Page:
mutilations or describe the appearance of the masters of initiation (short, dwarfish, etc.). The divinities who bore some infirmity were put into contact with 'strangers', the 'men of the mountains', the 'underground dwarfs', that is to say, with mountain populations surrounded by mystery, generally dreaded metal-workers. In Nordic mythologies the dwarfs were renowned for their admirable smithcraft. Certain fairies enjoyed the same prestige. The tradition of a people of small build, dedicated wholly to metallurgy and living in the depths of the earth, is also found elsewhere. To the Dogons, the first mythic inhabitants of the region were the Negrillos, who have since disappeared underground: but, being indefatigable smiths, the resounding clang of their hammers is still to be heard. The warrior 'male-societies' both in Europe and in central Asia and in the Far East (Japan), performed initiatory rituals in which the smith and blacksmith had their place. It is known that after the conversion to Christianity of northern Europe, Odin and the 'Savage Hunt' were compared with the devil and the hordes of the damned.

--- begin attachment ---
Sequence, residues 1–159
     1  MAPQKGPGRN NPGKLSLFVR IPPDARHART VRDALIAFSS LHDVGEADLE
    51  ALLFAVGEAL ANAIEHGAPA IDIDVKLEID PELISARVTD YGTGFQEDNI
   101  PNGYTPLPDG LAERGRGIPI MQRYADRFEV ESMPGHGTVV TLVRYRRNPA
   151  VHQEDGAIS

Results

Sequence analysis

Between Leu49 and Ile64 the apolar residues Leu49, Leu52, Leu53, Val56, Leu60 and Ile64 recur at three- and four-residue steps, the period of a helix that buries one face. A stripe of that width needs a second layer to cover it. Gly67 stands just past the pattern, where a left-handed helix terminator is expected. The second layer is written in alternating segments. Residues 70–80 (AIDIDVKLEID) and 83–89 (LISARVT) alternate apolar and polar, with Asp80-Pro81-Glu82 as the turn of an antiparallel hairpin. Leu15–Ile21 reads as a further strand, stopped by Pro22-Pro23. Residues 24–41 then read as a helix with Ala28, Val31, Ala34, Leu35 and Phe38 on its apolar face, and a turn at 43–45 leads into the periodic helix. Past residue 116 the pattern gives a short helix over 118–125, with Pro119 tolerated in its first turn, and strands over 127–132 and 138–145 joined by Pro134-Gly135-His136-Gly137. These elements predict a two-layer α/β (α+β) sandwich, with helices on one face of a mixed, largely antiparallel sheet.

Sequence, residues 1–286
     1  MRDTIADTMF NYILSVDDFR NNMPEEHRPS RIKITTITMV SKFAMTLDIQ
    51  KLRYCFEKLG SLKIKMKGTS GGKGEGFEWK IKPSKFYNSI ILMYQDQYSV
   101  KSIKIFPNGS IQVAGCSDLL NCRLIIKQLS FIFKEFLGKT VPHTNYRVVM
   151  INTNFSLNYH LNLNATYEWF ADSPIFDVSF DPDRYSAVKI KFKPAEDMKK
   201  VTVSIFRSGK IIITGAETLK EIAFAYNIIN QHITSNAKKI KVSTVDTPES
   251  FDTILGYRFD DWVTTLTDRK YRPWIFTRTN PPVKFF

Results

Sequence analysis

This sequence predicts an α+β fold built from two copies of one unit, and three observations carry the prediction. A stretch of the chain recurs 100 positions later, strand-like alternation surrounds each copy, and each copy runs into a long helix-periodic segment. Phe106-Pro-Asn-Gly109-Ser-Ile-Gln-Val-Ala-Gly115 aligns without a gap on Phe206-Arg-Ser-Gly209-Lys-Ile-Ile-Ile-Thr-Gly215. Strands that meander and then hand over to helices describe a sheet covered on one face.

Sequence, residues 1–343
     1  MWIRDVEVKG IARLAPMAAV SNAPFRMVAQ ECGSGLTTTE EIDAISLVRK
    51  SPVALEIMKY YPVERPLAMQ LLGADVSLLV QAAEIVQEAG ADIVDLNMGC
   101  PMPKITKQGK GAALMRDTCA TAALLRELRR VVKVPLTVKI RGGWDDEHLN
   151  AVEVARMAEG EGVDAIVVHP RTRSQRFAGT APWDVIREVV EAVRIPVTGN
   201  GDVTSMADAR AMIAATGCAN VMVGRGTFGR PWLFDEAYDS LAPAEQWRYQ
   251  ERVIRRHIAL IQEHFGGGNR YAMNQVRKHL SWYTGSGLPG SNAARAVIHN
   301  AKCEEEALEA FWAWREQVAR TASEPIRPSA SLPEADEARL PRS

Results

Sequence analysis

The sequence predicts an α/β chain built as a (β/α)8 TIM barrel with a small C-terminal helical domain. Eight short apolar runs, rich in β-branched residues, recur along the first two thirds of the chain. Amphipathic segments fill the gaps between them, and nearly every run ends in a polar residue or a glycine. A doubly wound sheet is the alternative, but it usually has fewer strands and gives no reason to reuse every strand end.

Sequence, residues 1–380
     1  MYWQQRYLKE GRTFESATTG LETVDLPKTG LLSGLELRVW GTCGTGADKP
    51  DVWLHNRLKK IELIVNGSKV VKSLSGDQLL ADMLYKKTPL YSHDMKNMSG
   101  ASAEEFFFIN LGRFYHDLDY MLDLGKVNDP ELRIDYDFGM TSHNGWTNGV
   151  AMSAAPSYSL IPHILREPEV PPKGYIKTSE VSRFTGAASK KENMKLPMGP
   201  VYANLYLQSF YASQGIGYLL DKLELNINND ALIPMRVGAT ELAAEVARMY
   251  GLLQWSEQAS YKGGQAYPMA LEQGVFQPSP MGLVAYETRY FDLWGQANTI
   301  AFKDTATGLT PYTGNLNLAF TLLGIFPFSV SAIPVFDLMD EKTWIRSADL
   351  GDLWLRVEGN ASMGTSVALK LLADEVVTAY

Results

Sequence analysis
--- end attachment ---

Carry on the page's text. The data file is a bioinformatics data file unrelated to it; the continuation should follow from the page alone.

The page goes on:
The 'mastery of fire', common both to magician, shaman and smith, was, in Christian folklore, looked upon as the work of the devil: one of the most frequently recurring popular images shows the devil spitting flames. Perhaps we have here the final mythological transformation of the arche­ typal image of the 'master of fire'. Odin-Wotan was the master of the wut, the furor religiosus (Wotan, id est furor, wrote Adam von Bremen). Now the wut, like other terms in the Indo-European religious vocabulary (furor, ferg, menos), signifies the anger and extreme heat provoked by an excessive ingestion of sacred power. The warrior becomes heated during his initiation fight; he produces a 'heat' which is not un­ reminiscent of the 'magic heat' produced by the shamans and yogi. The divine smith works with fire while the warrior god, by his furor, magically produces fire in his own body. It is this intimacy, this sympathy with fire, which unites such differing magico­ religious experiences and identifies such disparate vocations as that of the shaman, the smith, the warrior and the mystic.